So they definitely, they definitely are game changers, I would say that. And I would say 90, 90 percent of my patients have done incredibly on these medications. I've seen patients lose 50 plus pounds in, within a year. Using these medications and, and watching their, watching what they're eating and exercising regularly. Now, I do have that 10%, and this was shown in the studies as well, of patients who are basically, they're termed as non responders. And for whatever reason they just don't feel any change from these [00:15:00] medications. My, my theory myself is just that maybe the receptors are displayed differently in their body.
And so these little molecules aren't hitting those receptors like they do in some of the other patients. But I have tried, you know. The maximum dose of Ozempic and Mounjaro and we'll go beyond some of these patients, but they just don't have any of the appetite suppression and, and minimal weight loss.
So it is good to keep in mind that although these medications are, are quite phenomenal, they may, they may not work for everybody. And, and don't, you know, don't be dismayed if it doesn't work. There are other options available. Some of the medications that have been out for years that do help with weight loss. So if you, you know, let's say someone, you go to your doctor and you get prescribed Wegovy Mounjaro and you find that it doesn't work for you at all, don't lose hope. There are other options that you can talk to your doctor about if your goal is weight loss.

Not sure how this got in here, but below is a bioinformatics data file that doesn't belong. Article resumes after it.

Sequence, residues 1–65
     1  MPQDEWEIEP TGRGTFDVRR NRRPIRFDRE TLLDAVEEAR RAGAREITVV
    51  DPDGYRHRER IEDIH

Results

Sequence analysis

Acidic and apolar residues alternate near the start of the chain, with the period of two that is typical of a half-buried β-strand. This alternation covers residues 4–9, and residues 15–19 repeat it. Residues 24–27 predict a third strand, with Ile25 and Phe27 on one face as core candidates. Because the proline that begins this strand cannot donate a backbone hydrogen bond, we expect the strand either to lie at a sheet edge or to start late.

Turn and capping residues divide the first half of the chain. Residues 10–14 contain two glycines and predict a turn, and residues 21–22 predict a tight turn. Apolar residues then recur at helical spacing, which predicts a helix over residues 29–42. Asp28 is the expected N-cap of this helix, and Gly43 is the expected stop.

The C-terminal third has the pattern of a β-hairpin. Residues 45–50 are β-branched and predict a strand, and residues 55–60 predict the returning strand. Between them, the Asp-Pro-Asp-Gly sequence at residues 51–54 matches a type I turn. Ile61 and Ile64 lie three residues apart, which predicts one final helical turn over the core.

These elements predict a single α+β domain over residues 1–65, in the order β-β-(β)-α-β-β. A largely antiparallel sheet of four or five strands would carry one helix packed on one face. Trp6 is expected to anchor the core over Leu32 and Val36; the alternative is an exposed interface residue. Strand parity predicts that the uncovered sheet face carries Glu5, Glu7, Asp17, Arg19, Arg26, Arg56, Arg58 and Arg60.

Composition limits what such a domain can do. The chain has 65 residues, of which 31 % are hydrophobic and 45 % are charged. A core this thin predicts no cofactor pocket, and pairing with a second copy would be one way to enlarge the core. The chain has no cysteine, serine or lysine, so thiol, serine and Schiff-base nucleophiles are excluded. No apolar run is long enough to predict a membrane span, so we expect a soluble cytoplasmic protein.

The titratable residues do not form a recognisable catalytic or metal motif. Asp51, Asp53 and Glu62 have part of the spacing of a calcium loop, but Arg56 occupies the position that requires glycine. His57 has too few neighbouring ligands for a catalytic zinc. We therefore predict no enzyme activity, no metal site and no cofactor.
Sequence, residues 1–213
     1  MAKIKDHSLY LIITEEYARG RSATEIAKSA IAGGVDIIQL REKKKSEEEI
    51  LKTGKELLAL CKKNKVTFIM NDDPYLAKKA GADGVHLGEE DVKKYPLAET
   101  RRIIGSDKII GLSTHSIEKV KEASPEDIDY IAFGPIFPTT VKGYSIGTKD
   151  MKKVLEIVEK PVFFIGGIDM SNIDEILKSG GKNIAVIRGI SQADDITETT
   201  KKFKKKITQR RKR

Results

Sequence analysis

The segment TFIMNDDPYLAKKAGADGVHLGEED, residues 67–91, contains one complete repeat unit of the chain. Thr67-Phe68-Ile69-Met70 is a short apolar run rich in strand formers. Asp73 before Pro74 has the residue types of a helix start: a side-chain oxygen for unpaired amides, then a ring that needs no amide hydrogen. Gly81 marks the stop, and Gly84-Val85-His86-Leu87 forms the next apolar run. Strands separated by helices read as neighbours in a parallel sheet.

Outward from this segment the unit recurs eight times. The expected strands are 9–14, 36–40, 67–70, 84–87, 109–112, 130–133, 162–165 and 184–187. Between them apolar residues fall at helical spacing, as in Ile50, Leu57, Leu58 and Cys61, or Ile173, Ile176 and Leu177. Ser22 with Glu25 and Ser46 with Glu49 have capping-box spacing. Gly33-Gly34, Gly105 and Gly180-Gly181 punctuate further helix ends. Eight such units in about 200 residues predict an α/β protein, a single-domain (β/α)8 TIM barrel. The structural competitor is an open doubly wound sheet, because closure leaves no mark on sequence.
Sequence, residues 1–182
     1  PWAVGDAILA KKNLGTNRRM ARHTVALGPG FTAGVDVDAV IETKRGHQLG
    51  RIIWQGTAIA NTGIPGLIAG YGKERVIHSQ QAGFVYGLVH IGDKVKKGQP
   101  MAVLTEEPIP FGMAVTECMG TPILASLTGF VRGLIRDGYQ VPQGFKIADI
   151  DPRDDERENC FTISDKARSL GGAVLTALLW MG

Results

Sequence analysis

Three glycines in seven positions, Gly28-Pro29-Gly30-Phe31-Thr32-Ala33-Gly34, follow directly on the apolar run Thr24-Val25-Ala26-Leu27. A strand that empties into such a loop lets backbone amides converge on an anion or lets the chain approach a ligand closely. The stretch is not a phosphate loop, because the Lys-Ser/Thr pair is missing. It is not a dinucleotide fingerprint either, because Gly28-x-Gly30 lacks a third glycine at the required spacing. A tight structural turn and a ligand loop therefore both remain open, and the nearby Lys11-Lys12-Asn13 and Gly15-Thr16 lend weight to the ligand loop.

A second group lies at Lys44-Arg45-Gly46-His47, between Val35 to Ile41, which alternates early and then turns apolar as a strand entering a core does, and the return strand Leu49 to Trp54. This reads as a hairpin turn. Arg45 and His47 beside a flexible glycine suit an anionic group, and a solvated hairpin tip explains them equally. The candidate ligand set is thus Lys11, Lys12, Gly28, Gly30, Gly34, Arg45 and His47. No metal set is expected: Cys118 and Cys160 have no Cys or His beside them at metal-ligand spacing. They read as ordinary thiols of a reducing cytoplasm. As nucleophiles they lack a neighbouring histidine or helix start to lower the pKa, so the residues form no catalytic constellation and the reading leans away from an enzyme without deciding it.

Great. And do some people lose just a little bit of weight and not 50 [00:16:00] plus pounds on these?